Lifestyle

How Halloween Became Nothing But A Commercial Event

Halloween

Last year shoppers went crazy and spent a whopping £300 million on fancy dress outfits, face paints, masks, party decor, and pumpkins. This Halloween retailers are hoping to break even more records and take more money than ever before with their latest promotional ideas.

Five years ago Halloween spending amounted to less than £12 million. Decades ago Halloween consisted of people standing round a tin bath playing the popular ‘apple-dunking’ game on the Eve of All Saints’ Day, the historic day for wicked witches and warlocks to indulge in their evil revelations and triumph over good.

It is very surprising just how fashionable Halloween has become in the UK, and furthermore important to the retail industry. Astonishingly Halloween is the third biggest sales event of the year sitting closely behind Easter and then Christmas. It has become a special event for everyone and not just children. Halloween has shifted into a celebration where adults are given the chance to escape from reality for the day. You can put a Halloween costume on and forget about the pressures and stress of work, let your hair down and have fun dressing up without anyone judging you.

Many more retailers and supermarkets have began to open their doors and sell Halloween goods from mid September right through to the last day of October. Department stores such as John Lewis and House of Fraser have a range of Halloween merchandise to decorate your home and treat your guests with. From a range of spooky banners and hanging ghosts to pumpkins filled with sweets, department stores have something for everyone.

Even supermarkets such as ASDA and Sainsbury’s are taking advantage of the Halloween season. Apart from overfilled crates of pumpkins, they are stocking their shelves with a range of trick or treat goodies and aisles full of frightening costumes and accessories for both adults and children. Retail stores are not the only beneficiary of this craze, online sales are now booming. Sainsbury’s have their own online party planner on their supermarket website highlighting a range of inexpensive ideas to create your very own “fright night”. There are sections on how to make your own decorations, games, easy food and even tutorials on how to carve a pumpkin. The retailer Poundland has also seen a huge increase in Halloween sales over the past few years with many of their larger stores dedicating a whole section of the store with Halloween merchandise. As everything is a pound there’s no wonder why their trick or treat baskets, devil costumes and window decorations are selling so strongly.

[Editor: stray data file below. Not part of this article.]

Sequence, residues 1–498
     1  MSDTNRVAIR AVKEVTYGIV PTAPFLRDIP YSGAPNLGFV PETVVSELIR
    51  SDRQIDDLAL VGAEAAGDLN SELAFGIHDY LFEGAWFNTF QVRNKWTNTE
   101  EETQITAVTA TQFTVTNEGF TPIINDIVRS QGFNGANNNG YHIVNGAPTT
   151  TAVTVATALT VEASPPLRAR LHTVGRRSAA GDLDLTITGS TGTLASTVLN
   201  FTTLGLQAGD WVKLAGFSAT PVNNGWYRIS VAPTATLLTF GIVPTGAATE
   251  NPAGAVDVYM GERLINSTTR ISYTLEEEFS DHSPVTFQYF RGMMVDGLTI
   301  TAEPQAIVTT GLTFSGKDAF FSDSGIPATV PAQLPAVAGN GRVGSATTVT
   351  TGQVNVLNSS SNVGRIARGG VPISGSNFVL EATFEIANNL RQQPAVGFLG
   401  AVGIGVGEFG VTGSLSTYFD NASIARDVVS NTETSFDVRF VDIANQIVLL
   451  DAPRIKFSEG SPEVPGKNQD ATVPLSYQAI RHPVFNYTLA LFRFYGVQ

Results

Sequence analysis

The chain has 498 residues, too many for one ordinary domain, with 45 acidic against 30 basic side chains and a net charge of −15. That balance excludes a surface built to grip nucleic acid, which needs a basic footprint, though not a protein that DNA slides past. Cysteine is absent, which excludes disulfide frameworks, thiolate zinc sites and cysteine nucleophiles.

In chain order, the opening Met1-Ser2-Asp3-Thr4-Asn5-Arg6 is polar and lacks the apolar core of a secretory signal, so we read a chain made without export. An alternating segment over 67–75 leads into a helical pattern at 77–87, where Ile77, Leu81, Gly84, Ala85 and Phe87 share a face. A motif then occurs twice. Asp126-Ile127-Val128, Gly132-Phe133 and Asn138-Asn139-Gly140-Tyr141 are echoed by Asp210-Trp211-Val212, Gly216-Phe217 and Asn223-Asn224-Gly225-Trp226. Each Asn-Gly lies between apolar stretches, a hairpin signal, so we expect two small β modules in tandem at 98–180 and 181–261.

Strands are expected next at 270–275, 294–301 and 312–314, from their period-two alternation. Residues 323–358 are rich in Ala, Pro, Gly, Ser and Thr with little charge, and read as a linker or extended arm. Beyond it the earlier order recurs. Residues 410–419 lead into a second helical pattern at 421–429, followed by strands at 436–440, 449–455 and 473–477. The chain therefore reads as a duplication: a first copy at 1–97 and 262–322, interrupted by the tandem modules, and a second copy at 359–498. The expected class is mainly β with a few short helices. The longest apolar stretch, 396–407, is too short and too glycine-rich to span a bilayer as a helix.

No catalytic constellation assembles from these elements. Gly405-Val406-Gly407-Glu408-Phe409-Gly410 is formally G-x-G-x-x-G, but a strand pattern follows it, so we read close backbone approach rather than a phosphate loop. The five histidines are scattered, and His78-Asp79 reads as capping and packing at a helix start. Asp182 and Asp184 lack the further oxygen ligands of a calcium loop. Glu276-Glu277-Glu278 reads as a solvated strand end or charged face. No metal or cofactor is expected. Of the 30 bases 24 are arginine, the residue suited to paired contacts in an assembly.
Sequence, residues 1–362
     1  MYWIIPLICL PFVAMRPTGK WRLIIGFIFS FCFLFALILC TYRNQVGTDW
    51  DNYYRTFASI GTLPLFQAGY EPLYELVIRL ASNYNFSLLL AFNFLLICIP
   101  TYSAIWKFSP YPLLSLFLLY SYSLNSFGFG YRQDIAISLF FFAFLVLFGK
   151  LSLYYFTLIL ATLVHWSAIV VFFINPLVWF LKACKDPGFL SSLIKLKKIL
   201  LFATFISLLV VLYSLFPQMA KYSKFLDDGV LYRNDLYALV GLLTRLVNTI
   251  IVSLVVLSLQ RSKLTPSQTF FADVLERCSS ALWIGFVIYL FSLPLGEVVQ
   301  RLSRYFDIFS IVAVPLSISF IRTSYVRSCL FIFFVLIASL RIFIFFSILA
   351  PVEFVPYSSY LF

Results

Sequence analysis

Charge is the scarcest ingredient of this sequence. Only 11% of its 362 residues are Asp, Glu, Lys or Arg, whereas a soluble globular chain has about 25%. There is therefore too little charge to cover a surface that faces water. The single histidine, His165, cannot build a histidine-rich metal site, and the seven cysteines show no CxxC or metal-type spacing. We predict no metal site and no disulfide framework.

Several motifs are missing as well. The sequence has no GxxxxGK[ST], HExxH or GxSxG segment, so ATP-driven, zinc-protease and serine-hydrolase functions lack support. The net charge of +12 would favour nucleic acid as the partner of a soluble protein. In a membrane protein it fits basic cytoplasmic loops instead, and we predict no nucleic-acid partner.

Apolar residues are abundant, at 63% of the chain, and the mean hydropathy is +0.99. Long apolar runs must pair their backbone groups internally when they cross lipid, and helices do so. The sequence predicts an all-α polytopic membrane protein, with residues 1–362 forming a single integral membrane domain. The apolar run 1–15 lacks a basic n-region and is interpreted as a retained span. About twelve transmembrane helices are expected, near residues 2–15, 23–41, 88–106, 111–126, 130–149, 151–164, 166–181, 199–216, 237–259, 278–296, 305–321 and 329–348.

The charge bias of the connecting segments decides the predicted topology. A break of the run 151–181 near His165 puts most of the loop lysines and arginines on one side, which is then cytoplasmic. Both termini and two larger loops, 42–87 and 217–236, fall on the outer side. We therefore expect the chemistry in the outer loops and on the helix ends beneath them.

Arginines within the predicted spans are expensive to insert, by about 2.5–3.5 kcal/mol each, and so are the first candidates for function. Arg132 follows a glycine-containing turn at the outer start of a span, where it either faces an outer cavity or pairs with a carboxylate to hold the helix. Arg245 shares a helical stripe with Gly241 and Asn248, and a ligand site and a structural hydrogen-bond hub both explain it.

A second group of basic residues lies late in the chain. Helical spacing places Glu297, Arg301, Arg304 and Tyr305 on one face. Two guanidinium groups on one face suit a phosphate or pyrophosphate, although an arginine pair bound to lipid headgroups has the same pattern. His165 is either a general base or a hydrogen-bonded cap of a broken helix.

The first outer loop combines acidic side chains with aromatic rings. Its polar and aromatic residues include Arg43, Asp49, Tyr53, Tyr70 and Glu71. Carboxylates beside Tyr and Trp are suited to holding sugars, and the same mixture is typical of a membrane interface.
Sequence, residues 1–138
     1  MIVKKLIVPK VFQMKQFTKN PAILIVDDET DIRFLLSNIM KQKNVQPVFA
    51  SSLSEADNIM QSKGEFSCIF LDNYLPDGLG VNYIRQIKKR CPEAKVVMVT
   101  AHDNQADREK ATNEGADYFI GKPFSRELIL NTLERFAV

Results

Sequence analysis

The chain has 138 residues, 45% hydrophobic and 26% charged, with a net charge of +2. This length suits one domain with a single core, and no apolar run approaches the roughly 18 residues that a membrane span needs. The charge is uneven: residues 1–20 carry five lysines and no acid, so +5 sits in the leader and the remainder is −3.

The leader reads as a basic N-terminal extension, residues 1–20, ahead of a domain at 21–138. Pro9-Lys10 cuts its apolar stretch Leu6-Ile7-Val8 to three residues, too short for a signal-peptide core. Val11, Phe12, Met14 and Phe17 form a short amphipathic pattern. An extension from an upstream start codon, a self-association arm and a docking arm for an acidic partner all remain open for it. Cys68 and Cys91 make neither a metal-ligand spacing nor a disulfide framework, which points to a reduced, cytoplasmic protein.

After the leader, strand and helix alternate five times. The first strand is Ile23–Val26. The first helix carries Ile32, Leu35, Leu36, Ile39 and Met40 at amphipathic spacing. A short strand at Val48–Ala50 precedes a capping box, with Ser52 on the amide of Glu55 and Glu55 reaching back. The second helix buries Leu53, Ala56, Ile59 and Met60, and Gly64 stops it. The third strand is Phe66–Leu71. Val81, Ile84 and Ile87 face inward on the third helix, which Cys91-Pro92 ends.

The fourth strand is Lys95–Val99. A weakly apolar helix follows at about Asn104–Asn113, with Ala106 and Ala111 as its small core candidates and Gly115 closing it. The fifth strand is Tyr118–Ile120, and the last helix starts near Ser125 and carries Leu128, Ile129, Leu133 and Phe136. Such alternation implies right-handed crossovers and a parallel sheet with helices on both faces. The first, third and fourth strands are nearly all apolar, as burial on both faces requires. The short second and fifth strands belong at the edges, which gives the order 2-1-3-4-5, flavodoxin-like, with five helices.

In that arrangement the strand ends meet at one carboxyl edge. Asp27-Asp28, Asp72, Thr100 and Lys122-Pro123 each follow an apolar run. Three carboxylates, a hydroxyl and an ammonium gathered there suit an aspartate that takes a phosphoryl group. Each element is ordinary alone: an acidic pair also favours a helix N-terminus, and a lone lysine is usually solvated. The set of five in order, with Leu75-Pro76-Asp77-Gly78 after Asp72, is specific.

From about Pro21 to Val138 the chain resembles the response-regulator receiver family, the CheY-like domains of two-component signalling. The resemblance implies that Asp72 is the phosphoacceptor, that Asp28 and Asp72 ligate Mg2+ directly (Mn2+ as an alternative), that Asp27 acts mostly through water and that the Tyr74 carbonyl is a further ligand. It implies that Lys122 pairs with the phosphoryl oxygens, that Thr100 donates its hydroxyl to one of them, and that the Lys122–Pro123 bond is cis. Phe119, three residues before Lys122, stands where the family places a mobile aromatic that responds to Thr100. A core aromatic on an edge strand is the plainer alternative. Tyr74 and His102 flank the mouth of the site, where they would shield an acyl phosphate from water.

Young adults are responsible for most of the growth in the Halloween industry as this age group are the ones most likely to celebrate Halloween. The benefit of nightclubs and restaurants has accelerated Halloween even further by throwing additional events for young adults to attend in fancy dress attire. Alcohol companies have also cashed in on the Halloween season by bringing in special drink recipes including the Pumpkin Pie and Candy Apple Martini which have proven to be very popular.

Fancy dress costumes are an essential part of Halloween celebrations. Every year people will still wait until right before the event to purchase costumes and accessories. Statistics show more than 50% of Halloween merchandise sales are done within the last few days before Halloween, with young adult consumers flocking to stores this week for inexpensive goodies from traditional fancy dress costumes to Halloween themed accessories. For those who don’t want to go all out with their costumes, the high street retailer Topshop has some suggestions on Halloween outfits on their online website. Topshop suggest wearing cobweb stockings and tights, blood splattered lace dresses or dark and mysterious capes to create a Halloween inspired outfit this season. So whether you want to go all out, or just add your outfit a bit of Halloween mystery you’ll definitely be able to find what you’re looking for.

The tourism industry is also showing an indication that Halloween is a growing global empire. Towns and cities all over the country are hosting Halloween events and activities for all the family. Theme parks are even taking advantage of the opportunity to offer exclusive Halloween events. In the UK, Thorpe Park has cashed in on the event by devoting a night to Halloween which features rides in pitch black, haunted houses, horror mazes and scare zones where actors in scary costumes can jump out at visitors at any moment.

Traditional meaning of the Halloween event has all been lost as retail and tourist companies have taken over and bombarded consumers with a commercial event. What was supposed to be a day of celebration for witches has become a day for retailers to maximise sales and go beyond targets. This year Halloween sales are expected to exceed previous years with more and more stores, nightclubs and theme parks taking full advantage of consumers on October 31st.

But it’s not all doom and gloom, as well as companies benefiting financially, everyone gets the chance to dress up, enjoy parties and feel part of a huge community for one special night.

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